BRICS should consolidate efforts to defend themselves within WTO – Russian Chamber of Commerce head
NOVO-OGARYOVO. Oct 28 (Interfax) – Sergei Katyrin, the head of the Russian Chamber of Commerce and Industry, has suggested to President Vladimir Putin that the BRICS countries should consolidate their efforts in defending their positions in the World Trade Organization (WTO).
“We consider the possibility of working together with BRICS. Separately, we probably do not exceed the leading countries or the European Union (in terms of the number of votes). But aggregately, if we act in coordination with the BRICS countries to protect our interests and promote and adopt decisions within the WTO, we have quite a considerable number of votes, and this would be somewhat different influence – except, of course, that we can’t exceed the European Union,” Katyrin said at a working meeting with Putin on Friday.
In reporting to the president about the work of companies belonging to the Chamber of Commerce and Industry structure in the WTO, Katyrin said that, despite all concerns, the rate at which the import is growing is falling down. However, there are some questions regarding certain sectors, he said.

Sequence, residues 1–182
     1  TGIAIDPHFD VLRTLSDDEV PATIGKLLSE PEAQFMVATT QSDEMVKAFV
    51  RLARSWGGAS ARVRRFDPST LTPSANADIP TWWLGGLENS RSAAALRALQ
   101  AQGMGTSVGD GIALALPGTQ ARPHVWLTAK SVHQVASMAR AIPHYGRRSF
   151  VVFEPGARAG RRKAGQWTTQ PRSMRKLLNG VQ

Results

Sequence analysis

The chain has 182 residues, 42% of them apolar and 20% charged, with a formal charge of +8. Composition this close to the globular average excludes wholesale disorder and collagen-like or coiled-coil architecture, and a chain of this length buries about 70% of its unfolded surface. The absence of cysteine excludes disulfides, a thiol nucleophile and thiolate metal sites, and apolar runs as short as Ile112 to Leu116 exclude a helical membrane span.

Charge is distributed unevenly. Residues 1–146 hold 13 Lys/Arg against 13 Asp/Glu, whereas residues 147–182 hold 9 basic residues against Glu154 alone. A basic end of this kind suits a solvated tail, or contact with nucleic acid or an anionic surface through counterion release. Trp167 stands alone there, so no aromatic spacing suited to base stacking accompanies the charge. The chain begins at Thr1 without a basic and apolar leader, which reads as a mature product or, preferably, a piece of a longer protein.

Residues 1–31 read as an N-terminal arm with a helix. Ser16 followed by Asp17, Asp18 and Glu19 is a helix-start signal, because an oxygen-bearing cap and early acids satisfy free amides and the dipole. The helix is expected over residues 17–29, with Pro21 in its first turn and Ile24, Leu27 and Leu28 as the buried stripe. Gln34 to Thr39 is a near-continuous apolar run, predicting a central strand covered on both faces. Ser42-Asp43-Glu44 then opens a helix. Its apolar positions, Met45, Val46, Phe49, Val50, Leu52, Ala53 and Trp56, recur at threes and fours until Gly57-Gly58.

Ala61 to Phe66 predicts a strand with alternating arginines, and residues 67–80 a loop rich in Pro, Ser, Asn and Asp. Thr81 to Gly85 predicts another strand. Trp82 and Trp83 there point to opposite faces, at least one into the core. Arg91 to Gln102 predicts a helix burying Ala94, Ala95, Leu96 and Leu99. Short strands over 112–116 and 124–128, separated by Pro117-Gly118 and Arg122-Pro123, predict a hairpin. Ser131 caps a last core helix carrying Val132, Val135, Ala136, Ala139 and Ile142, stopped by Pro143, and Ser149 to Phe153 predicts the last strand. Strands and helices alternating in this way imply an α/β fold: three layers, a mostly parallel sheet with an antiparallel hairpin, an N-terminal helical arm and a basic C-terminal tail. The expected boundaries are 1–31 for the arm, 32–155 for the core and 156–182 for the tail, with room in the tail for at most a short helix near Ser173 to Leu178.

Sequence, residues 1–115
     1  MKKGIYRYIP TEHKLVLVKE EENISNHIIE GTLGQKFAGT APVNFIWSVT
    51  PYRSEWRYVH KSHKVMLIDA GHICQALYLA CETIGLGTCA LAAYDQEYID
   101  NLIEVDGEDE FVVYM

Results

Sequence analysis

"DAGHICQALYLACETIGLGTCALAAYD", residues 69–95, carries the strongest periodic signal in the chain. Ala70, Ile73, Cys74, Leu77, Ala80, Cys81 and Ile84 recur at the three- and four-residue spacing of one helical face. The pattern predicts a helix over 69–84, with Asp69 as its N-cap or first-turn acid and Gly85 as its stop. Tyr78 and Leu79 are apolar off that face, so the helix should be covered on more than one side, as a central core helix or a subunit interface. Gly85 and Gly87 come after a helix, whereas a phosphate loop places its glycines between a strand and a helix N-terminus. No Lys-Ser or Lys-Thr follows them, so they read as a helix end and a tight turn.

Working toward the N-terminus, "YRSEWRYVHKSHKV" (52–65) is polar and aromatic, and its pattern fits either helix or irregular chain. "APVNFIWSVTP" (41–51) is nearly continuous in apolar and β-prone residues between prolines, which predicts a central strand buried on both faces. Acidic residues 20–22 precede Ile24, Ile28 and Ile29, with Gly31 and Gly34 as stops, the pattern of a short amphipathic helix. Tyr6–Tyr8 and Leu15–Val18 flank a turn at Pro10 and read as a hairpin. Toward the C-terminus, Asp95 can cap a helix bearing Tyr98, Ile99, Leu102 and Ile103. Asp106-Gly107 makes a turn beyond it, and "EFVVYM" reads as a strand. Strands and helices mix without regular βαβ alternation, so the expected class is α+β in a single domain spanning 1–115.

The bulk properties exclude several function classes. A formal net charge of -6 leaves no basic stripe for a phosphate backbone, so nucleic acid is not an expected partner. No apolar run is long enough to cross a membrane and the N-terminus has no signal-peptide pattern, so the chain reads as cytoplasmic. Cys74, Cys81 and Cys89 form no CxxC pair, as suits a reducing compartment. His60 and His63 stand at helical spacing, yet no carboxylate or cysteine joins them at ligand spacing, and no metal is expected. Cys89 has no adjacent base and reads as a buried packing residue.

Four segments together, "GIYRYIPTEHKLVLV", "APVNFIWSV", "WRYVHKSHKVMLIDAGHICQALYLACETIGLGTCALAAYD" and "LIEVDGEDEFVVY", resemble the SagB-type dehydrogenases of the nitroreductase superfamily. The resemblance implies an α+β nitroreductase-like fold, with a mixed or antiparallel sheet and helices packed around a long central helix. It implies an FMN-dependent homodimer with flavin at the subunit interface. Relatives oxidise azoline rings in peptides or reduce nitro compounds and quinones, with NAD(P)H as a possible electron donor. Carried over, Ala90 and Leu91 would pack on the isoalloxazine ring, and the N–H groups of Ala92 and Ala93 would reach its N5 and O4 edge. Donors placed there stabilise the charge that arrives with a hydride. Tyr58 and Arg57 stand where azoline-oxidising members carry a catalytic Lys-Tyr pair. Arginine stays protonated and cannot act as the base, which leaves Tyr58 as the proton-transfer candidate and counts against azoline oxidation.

In particular, Katyrin urged the president and the government to pay attention to problems that the light industry, particularly the footwear sector, is experiencing. “A lot of footwear is now coming under the guise of rubber footwear, because its price is lower and therefore the duty paid is lower, too,” he said.
“The EU is currently recalculating (the prices) in their own way on energy resources. They recalculate the prices that we declare and that our producers use – this especially concerns metals, pipes, and fertilizers – into those at which they buy from us. Naturally, this is a different price and different duties. And therefore we become not very competitive with these products. Therefore, we believe that the government could also organize some procedures within the WTO framework,” Katyrin said.
As for small and medium businesses’ access to state contracts, Katyrin asked the president to support the idea of obliging state-run companies to purchase 15% of products they need from these businesses, which make up 70% of the Chamber of Commerce and Industry system.